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J. Biol. Chem. 277 (48): 46493-46503

© 2002 by The American Society for Biochemistry and Molecular Biology, Inc.

Distinct Signaling Pathways Are Activated in Response to Mechanical Stress Applied Axially and Transversely to Skeletal Muscle Fibers*

Ashok Kumar, Imran Chaudhry, Michael B. Reid, and Aladin M. BoriekDagger

From the Department of Medicine, Baylor College of Medicine, Houston, Texas 77030

In the diaphragm muscle we tested the hypothesis that MAP kinase signaling pathways are activated by mechanical stress and such signaling pathways are dependent on the direction in which mechanical stress is applied. Although equal magnitudes of mechanical stress were applied axially and transversely a greater level of activation of ERK1/2, p38, Raf-1, p90 RSK, Elk-1, and the DNA binding activity of AP-1 transcription factor was produced when the muscle was stretched transversely than when stretched axially. A significant up-regulation in protein tyrosine phosphorylation was observed in axially or transversely loaded diaphragm muscles and the activation of ERK1/2 was completely inhibited by genistein (protein-tyrosine kinase inhibitor). Pretreatment of muscles with wortmannin (phosphoinositide 3-kinase inhibitor), TMB-8 (antagonist of intracellular calcium release), GF109203X (PKC inhibitor), or PD98059 (MEK1/2 inhibitor) blocked the activation of ERK1/2 kinases in response to axial but not to transverse loading. On the other hand, pretreatment of muscles with protein kinase A inhibitors H-7 and KT5720 completely suppressed the activation of ERK1/2 in response to transverse loading only. Taken together with the alterations of MAP kinases and the findings of elevations of downstream transcription targets, our data are consistent with two distinct MAP kinase signal transduction pathways in response to mechanical stress.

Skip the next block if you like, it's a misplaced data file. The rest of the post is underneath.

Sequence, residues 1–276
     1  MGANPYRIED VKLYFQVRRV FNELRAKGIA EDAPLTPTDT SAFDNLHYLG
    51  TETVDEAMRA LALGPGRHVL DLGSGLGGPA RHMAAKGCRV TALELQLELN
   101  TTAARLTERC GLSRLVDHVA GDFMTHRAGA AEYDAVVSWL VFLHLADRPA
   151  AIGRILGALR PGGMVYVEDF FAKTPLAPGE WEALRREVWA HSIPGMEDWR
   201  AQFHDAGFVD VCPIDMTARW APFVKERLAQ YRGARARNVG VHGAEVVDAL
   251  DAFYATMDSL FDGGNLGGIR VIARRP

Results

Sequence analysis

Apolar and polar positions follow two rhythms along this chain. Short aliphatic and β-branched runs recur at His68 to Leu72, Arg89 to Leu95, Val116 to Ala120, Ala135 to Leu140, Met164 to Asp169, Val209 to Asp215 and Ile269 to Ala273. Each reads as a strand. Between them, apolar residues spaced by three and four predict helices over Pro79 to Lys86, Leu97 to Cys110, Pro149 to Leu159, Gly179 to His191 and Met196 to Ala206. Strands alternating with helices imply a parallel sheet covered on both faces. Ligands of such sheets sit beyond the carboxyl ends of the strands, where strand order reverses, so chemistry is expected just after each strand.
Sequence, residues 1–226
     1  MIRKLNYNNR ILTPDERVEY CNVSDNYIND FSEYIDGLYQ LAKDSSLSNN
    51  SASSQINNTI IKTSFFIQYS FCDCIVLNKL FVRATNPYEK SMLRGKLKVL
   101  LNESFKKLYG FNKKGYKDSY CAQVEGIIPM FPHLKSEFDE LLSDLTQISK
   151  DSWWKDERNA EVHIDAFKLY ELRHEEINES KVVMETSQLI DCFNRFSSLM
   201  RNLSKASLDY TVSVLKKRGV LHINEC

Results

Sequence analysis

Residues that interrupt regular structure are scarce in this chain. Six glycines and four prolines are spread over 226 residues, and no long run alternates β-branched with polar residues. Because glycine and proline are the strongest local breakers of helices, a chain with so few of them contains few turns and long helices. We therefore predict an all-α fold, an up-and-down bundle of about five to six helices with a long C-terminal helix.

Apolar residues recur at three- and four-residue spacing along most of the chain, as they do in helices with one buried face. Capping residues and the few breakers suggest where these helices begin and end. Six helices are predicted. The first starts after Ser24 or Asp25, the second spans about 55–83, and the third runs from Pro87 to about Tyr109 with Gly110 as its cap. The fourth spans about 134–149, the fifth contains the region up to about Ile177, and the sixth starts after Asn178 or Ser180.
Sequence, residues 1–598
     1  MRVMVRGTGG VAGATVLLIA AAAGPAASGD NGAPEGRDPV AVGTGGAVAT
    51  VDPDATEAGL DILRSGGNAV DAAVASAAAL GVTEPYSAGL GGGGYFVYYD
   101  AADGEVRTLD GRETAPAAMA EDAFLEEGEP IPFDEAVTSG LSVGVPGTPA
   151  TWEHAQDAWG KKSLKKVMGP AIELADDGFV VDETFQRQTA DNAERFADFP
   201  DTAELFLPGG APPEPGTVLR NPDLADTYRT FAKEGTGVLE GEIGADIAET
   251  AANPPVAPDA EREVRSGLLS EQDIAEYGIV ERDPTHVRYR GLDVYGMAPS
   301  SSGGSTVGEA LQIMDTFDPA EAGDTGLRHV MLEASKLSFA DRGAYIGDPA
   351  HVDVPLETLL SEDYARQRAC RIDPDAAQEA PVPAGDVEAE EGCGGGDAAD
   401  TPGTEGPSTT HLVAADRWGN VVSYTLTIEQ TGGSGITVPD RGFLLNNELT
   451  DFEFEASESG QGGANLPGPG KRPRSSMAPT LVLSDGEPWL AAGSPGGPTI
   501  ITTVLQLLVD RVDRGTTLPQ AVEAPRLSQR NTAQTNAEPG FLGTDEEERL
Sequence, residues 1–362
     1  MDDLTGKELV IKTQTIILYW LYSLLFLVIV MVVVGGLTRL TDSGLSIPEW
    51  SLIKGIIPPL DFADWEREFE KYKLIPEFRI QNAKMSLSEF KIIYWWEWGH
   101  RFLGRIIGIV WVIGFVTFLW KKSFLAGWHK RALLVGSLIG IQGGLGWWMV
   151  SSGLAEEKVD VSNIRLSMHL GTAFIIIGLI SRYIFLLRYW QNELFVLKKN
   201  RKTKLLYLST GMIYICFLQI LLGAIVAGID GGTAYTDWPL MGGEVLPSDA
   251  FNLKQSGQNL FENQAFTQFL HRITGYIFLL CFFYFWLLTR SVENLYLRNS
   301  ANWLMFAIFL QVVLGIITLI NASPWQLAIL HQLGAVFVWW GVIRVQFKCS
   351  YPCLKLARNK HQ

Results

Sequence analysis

* This work was supported by National Institutes of Health Grants RO1-63134 and RO1-46230 (to A. B.) and HL45721 (to M. B. R.).The costs of publication of this article were defrayed in part by the payment of page charges. The article must therefore be hereby marked "advertisement" in accordance with 18 U.S.C. Section 1734 solely to indicate this fact.

Dagger To whom correspondence should be addressed: Pulmonary and Critical Care, Suite 520B, Baylor College of Medicine, One Baylor Plaza, Houston, TX 77030. Fax: 713-798-3619; E-mail:

Copyright © 2002 by The American Society for Biochemistry and Molecular Biology, Inc.

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